A month later, my mother went to a peace march in Washington, D.C., that topped the October march for participation and impact. The message was starting to get across. The Nixon administration had already begun trying to portray antiwar protesters as dangerous radicals, but it was beginning to be clear that it was more than that. Many Americans were starting to wonder why we had gotten so deep into a war that didn’t seem to make any sense. Housewives from New Jersey were wondering. Tom Seaver was wondering. As far as I can tell, it was the first time the U.S. pastime of baseball ever stepped out of cadence with the U.S. pastime of war.
I tried to go to an antiwar rally, my first, as the Bush administration pushed the United States into a war against Iraq. I’d stopped wearing my little flag pin by then. I’d grown weary of the seventh inning singing of “God Bless America.” Or maybe wary is a better word than weary. Now the flags and the song seemed less a way of asserting that We were a We and more a way of stomping out any dissenting opinions while bulldozing toward a new era of war. An invasion of Iraq didn’t seem to make any sense except as a way for rich oilmen to grab oil fields. The people who had attacked us didn’t have any connection with Iraq.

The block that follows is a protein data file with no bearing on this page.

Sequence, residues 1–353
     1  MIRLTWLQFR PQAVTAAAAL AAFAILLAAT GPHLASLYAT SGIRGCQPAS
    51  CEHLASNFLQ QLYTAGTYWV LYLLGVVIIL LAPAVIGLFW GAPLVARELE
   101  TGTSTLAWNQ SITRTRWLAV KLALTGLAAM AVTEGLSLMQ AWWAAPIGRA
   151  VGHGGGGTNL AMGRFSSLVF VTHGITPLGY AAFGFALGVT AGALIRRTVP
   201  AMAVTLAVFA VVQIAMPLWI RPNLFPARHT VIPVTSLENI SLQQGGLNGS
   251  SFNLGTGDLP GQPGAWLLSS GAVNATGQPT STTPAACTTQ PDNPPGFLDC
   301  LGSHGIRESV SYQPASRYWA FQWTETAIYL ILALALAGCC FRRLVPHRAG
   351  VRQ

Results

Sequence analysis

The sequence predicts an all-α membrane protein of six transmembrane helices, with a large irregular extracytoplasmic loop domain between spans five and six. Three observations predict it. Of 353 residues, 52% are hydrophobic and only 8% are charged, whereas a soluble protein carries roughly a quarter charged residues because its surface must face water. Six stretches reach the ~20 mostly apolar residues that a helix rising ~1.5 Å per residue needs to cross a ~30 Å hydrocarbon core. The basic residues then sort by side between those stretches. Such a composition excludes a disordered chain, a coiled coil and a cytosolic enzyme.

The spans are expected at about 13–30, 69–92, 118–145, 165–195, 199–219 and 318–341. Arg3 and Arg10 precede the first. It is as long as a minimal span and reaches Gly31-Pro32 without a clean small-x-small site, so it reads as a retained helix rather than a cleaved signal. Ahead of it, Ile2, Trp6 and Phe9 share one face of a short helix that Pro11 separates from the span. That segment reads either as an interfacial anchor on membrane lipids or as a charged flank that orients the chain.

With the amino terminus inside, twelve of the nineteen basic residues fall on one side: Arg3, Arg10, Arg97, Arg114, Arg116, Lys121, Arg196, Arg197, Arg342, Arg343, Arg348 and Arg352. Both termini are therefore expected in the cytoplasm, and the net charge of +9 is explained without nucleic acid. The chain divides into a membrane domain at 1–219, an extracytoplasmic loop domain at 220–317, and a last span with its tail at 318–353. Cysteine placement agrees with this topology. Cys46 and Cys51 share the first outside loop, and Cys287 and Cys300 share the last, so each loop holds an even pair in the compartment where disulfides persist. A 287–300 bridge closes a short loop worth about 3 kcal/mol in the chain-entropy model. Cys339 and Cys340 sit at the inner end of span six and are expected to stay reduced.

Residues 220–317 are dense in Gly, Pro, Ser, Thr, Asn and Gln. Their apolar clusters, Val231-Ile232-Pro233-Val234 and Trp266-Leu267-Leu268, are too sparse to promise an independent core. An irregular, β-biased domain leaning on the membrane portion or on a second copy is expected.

I went to the rally with my mom but we got separated in the crowd somehow. There were cops everywhere and the protesters had been shuttled into a relatively tiny area. The rationale for the treatment of protesters as if they were dangerous had been that it was for “security.” There was a menacing feel to the day. Cops in riot helmets, gripping nightsticks, younger protesters getting impatient, knocking over the blue barriers that had turned the city into an asphyxiating maze. I got out of there before hearing any speeches. Fuck it. The war began anyway. Baseball continued. The war continued. I dissolved into one, tried to ignore the other. God bless America. Land that I love.
“On the ground were two blood-soaked Iraqi men,” former Iraq War combatant John Crawford writes in his 2005 book The Last True Story I’ll Ever Tell. “Both were on their faces with their hands tied behind their backs. The skinnier one was crying, and with the nudge of the foot someone tried to shut him up. ‘There’s no crying in baseball.’
“We all giggled a little at that.”